James Fraser and I decided at that moment to leave MSF and start a new organization, one that would actively help communities face the crisis on their own terms. We called it Dignitas International, and it is committed to community based care for people living with HIV in the developing world. Working with village health workers, doctors, nurses and officials from Malawi's Ministry of Health, and in alliance with a team of international researchers, we have developed a prevention and treatment program at the hospital and in the villages of Zimbabwe have ten thousand HIV-positive patients under our care and bring to them the best tools and treatment that medical science has to offer. And with Malawi's Ministry of Health working with us, there will be more who get treatment. Thousands want it, and they will get it. In creating a world of practical possibility, there is hope.

Today I am forty-seven, a husband, a father of two young boys, a doctor, a citizen, a sometimes humanitarian, and always, at the end of the day, a man. Over the last twenty years, I have struggled to understand how to respond to the suffering of others. I have come to know perhaps too well that only humans can be rationally cruel. Only humans can choose to sacrifice life in the name of some political end, and only humans can call such sacrifices into question. As a physician I am given virtually unhindered access to some of the most intimate experiences in people's lives, usually through suffering, but not always. I can see a person, a family or a community grow into health. I have witnessed the good of which we as human beings are capable: the good that calls a mother to feed her child, regardless of how unbearable her own suffering may be; the good of a mother and a grandmother who carry their sick boy to a clinic in South Africa. The good of those who refuse to remain silent as another is violated, and who act to right a wrong. It is the good we can be if we so choose.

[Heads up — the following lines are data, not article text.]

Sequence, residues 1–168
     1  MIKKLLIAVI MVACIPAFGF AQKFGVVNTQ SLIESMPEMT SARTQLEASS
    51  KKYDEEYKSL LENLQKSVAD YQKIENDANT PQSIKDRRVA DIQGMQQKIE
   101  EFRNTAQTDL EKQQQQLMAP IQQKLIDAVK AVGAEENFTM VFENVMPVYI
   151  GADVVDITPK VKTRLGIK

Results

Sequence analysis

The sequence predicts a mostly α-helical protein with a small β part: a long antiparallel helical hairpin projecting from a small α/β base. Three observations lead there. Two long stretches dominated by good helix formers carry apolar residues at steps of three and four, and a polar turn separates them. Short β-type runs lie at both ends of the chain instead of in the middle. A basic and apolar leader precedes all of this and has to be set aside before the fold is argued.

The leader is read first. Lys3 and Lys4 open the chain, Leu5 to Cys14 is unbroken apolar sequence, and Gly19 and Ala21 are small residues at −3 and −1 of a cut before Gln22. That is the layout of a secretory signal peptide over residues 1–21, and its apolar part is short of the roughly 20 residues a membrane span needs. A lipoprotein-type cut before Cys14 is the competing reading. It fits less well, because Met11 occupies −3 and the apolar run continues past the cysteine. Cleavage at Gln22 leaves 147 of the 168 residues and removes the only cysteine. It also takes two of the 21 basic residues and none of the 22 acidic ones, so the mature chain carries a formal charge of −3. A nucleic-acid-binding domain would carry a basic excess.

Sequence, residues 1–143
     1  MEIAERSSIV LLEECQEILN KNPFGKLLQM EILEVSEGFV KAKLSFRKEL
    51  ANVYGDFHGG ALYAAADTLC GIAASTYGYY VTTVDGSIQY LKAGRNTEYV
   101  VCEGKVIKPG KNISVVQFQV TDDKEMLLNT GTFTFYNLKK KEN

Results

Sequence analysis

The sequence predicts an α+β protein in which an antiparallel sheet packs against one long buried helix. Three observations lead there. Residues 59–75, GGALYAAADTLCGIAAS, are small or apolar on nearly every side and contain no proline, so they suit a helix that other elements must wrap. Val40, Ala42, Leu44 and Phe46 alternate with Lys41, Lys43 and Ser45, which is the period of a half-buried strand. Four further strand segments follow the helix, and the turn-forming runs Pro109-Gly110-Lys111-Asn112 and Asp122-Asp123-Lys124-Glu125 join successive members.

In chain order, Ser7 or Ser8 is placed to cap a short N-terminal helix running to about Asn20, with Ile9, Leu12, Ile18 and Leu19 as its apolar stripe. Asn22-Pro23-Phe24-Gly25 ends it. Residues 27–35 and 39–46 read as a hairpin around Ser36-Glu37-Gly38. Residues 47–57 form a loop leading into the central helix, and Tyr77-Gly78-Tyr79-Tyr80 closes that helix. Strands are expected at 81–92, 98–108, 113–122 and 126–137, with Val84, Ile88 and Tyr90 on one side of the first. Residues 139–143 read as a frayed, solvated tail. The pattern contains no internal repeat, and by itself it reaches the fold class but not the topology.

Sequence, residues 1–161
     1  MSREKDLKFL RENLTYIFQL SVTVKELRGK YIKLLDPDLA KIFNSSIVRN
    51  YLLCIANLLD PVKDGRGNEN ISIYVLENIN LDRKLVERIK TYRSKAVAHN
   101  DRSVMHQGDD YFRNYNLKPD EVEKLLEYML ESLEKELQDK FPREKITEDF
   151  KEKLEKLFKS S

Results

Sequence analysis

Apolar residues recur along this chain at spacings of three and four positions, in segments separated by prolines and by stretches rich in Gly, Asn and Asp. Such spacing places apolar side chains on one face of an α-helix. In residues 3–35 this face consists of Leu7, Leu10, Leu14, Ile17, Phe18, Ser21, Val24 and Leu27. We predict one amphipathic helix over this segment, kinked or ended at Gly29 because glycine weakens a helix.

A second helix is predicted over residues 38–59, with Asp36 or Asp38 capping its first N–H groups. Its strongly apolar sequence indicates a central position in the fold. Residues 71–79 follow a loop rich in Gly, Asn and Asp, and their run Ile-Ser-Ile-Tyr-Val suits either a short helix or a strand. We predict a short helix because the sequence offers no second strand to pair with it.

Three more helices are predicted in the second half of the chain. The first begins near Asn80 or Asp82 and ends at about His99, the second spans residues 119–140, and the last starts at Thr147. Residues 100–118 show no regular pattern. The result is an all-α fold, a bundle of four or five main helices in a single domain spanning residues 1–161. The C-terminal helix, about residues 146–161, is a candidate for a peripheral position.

Excerpted from An Imperfect Offering: Humanitarian Action for the Twenty-First Century by James Orbinski Copyright © 2008 by James Orbinski. Excerpted by permission of Walker & Company. All rights reserved.